A-Level Results Show Fall In Top Grades For Second Consecutive Year

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15th August 2013 11:41 - Education

After years of annual increases, the proportion of students achieving the top A-Level grades has fallen for a second consecutive year. In 2013, a little over a quarter (26.3%) of exam entries were awarded A or A* grades. In 2012 the figure was 26.6%, whilst in 2011 the figure was 27%. Despite the fall in top-end achievement, the overall pass rate has risen once again, as it has done for the past three decades. The overall pass rate now stands at 98.1% of entries. Prior to 1982, the pass rate was set at 70% of all those taking the exam.

This years A-level results suggest a rise in students opting in to science and mathematics orientated subjects. In contract, languages have generally seen a fall in uptake. German and French, for instance, have seen a drop off in the number of students choosing to study them of 11% and 10% respectively; although Spanish has actually seen a 4% rise in uptake, bucking the trend to some degree.

The A-level subject experiencing the biggest rise in entries was Economics, with the subject seeing an upsurge of 7.4% on the previous year. Chemistry, Physics, Maths and Further Maths all also improved by between 5.2% and 3%.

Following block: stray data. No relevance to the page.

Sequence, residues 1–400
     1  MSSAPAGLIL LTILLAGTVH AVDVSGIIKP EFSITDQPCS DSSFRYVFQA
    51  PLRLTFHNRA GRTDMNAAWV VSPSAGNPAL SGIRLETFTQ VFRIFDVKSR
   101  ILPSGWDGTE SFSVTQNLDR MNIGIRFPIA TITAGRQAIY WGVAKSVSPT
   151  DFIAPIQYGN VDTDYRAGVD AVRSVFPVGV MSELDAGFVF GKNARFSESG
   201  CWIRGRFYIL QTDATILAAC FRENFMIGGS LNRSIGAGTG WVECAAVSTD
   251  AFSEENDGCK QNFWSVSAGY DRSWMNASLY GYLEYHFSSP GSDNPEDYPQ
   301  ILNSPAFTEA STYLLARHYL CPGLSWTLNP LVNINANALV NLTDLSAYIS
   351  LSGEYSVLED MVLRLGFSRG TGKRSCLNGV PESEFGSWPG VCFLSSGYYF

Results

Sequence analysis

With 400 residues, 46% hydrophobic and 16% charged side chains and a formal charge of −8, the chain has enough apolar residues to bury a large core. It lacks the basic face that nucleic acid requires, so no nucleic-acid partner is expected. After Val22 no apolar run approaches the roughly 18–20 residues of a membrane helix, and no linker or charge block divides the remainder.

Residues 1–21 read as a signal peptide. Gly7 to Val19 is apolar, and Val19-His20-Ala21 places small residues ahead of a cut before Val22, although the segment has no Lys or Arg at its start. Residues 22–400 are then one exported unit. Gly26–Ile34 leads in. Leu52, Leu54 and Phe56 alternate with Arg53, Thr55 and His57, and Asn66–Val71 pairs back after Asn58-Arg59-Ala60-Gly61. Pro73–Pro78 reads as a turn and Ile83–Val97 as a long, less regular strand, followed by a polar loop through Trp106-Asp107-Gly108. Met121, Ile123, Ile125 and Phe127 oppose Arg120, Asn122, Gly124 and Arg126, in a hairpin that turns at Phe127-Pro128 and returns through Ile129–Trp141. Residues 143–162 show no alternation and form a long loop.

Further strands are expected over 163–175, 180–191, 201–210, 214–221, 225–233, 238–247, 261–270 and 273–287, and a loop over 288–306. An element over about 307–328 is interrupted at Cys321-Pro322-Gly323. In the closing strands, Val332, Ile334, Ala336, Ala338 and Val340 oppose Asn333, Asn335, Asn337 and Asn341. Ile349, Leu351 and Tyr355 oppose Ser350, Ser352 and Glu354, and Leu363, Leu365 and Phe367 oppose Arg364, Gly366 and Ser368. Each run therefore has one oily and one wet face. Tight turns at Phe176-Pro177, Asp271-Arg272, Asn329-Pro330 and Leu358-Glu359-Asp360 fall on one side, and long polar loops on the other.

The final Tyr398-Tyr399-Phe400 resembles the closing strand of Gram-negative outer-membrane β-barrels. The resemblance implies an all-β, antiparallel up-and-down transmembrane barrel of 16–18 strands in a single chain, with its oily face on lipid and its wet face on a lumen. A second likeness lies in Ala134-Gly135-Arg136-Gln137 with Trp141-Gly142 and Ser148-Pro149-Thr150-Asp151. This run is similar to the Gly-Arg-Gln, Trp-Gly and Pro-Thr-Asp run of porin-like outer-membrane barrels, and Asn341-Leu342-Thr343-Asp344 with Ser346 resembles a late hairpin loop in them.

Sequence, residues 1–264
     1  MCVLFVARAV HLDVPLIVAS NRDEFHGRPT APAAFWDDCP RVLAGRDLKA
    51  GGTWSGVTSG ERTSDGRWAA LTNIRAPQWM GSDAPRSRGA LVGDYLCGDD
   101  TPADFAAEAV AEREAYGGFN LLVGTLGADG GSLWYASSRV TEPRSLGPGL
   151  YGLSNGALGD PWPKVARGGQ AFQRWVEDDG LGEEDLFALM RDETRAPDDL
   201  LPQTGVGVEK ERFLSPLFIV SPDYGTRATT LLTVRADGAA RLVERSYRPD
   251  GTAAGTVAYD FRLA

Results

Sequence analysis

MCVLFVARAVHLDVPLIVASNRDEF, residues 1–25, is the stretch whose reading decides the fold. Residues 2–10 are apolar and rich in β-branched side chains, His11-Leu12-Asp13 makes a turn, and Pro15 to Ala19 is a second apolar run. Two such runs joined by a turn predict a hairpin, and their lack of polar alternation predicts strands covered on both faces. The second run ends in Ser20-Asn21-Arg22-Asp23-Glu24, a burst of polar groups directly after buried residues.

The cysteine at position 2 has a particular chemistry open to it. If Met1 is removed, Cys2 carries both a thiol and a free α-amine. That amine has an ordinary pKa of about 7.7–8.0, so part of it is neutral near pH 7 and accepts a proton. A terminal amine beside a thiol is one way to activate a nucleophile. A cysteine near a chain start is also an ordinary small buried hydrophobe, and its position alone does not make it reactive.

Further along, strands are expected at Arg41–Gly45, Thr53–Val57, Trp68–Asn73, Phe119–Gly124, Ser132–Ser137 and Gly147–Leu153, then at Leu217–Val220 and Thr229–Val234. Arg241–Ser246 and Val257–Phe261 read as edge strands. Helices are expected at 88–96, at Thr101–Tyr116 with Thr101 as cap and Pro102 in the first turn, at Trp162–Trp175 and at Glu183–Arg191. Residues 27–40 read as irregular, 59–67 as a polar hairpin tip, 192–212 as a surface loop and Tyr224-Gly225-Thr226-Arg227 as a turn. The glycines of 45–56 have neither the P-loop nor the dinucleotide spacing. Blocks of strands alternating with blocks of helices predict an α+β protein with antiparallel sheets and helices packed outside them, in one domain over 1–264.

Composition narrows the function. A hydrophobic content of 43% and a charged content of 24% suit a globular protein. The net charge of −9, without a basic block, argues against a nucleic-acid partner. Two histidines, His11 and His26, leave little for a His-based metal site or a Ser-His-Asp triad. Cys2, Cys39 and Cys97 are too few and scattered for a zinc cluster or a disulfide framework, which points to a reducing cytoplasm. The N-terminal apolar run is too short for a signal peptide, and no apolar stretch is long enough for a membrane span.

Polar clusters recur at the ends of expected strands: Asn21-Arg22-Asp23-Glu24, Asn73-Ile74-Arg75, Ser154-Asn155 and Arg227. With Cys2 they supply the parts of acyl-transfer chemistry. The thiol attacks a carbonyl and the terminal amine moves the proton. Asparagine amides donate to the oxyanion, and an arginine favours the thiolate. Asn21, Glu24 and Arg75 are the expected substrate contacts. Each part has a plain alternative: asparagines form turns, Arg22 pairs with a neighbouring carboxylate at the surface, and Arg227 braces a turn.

In the on-going examination gender battle, boys were more likely to achieve the highest A* grade (7.9% as compared to 7.4% of girls). However, females still had a higher probability than males to achieve an A or an A* (i.e. to achieve one of the two highest grades).

As of midnight on Thursday 15th August (i.e. at the beginning of results day) 385,910 students had been accepted on to university courses. This is a marked rise on the same figures from last year – up by 9% or 31,600 places. Commentators suggested this was due to government reform to ‘open up’ the system and make it easier for institutions to take on the students they want – universities are now allowed to admit as many of the top students as they want, whereas last year this figure was capped. This resulted in around 11,500 un-filled places in Russell Group universities alone last year.

From 2015, under changes proposed by the government, A-level exams will be sat after two years and AS Levels, currently taken after a year of the course and used to calculate a proportion of the overall grade, will no longer impact on a student’s final result.

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